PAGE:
Dust to Dust: A Memoir by Benjamin Busch
You may know Benjamin Busch as an actor on The Wire and other television programs and movies. I’ve never seen The Wire—no TV, no cable, no satellite—so I haven’t seen his acting work. I know him because we’re Facebook friends, although I’m not sure how that came about. And I’ve known of him for a long time, since I read his father’s essay in Harper’s about Ben’s military service. You see, I was a fan of the fiction of Frederick Busch, Ben’s father. The elder Busch, who died suddenly in 2006, was a terrific novelist and story writer. (I have a shockingly large collection of his books, more than one signed by him; I even had the pleasure of hearing him read once in DC at Chapters and I remember him talking about his dogs, which made me like him even more . . .)
Anyway, because of our connection on Facebook, I decided I needed to read Ben’s memoir, Dust to Dust, which is partly about his service in Iraq, but also is about growing up and a good bit about mortality. It’s a terrific, lyrical book, and if you haven’t read it I recommend it. It is structured thematically, each chapter dealing with an “element”—water, soil, wood, stone, ash, etc.—and approaches each theme with anecdotes from childhood, his military service, or his more recent life in rural Michigan. It’s unique, I think, because it’s far from chronological, and yet we still get a sense of time passing from his early interest in the military when he was a boy to his final deployment to Iraq.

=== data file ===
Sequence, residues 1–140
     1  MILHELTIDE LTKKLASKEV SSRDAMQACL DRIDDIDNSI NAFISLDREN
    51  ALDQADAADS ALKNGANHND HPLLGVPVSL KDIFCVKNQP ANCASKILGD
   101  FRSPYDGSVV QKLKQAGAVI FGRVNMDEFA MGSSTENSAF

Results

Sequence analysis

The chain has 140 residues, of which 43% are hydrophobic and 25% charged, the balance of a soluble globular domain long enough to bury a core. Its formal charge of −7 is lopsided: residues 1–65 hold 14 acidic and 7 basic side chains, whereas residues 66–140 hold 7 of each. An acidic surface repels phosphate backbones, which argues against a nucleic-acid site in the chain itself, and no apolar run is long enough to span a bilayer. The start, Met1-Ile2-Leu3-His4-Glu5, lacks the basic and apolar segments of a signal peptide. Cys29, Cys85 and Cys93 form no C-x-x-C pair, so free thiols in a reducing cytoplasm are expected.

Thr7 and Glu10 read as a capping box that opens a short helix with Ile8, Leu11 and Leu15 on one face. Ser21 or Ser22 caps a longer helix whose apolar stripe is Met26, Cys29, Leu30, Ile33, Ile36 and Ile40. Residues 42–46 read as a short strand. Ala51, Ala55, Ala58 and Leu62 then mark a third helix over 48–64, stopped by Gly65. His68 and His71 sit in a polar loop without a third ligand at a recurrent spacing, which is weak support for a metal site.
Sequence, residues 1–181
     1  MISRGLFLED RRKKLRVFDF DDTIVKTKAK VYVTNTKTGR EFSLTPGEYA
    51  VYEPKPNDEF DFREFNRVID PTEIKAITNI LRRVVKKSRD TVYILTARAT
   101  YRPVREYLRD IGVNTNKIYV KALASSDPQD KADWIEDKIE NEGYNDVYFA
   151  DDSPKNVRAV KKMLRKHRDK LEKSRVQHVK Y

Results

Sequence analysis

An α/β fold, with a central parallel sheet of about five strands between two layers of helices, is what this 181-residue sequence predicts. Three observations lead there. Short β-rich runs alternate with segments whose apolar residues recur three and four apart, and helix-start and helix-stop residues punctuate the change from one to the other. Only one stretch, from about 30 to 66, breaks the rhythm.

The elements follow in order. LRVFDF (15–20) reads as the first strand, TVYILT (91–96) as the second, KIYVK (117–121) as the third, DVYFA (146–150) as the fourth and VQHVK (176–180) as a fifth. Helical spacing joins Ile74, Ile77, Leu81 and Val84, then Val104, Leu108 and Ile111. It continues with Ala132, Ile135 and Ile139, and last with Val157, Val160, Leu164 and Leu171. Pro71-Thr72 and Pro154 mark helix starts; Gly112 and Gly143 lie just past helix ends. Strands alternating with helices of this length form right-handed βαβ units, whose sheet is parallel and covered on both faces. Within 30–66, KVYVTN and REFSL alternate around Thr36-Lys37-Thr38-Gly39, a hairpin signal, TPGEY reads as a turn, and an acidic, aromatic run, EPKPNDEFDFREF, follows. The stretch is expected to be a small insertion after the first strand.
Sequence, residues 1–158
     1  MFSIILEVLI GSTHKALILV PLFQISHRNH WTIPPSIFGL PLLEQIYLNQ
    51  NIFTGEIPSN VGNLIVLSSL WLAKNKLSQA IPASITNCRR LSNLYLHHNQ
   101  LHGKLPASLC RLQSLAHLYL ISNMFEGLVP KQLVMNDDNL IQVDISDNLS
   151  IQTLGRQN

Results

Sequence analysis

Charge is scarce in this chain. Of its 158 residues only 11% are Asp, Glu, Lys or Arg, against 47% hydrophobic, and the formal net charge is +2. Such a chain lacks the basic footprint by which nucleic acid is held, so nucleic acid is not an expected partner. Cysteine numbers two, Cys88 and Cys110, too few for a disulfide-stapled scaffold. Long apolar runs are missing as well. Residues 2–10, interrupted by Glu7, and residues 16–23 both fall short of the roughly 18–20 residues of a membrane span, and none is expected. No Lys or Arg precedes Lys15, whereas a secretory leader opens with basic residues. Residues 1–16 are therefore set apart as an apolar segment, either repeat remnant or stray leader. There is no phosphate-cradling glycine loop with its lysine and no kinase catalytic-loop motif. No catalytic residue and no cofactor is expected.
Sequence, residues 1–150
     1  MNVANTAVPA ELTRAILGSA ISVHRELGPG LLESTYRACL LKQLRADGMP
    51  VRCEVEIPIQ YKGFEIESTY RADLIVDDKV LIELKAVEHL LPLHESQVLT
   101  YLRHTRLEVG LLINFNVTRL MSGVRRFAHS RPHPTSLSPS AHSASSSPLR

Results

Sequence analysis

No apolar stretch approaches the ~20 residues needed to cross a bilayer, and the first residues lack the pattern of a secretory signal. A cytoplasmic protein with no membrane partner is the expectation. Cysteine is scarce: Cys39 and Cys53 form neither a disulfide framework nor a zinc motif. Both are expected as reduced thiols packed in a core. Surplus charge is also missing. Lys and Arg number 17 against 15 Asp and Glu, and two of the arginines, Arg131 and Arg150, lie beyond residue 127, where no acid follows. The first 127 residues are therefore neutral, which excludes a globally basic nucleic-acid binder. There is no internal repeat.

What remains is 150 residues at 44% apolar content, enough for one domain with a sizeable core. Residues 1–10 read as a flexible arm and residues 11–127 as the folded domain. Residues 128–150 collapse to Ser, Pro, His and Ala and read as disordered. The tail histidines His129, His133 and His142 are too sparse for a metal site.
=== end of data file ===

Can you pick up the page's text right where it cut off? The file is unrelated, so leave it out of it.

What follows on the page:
As I was reading it, I was drawing a contrast with Townie, the Andre Dubus III memoir I read recently. Dubus is also the son of a hightly regarded writer, and was also a fighter (in a very different way), but his memoir proceeds from his earliest days to the present. It also ends shortly after the death of his father, as Dust to Dust does. The books make an interesting pair.
The book also brought to mind a couple of other recent reads. The Yellow Birds by Kevin Powers (whom I met at the Library of Virginia Awards last year) is a novel about a young soldier’s service in Iraq and its aftermath. The Good Soldiers by David Finkel is nonfiction about a whole unit deployed to Iraq. Both books do a good job of showing the horror of war and the particular challenges of Iraq. Busch treats some of the same material—he’s as familiar with the grimness as Powers, but he has some of the detachment that Finkel, a journalist, shows. These three books would make a good core for someone interested in the literature of the Iraq war.
I’ve been thinking of tackling a memoir project, and I’d be very happy if I could come close to the humanity that Busch displays here.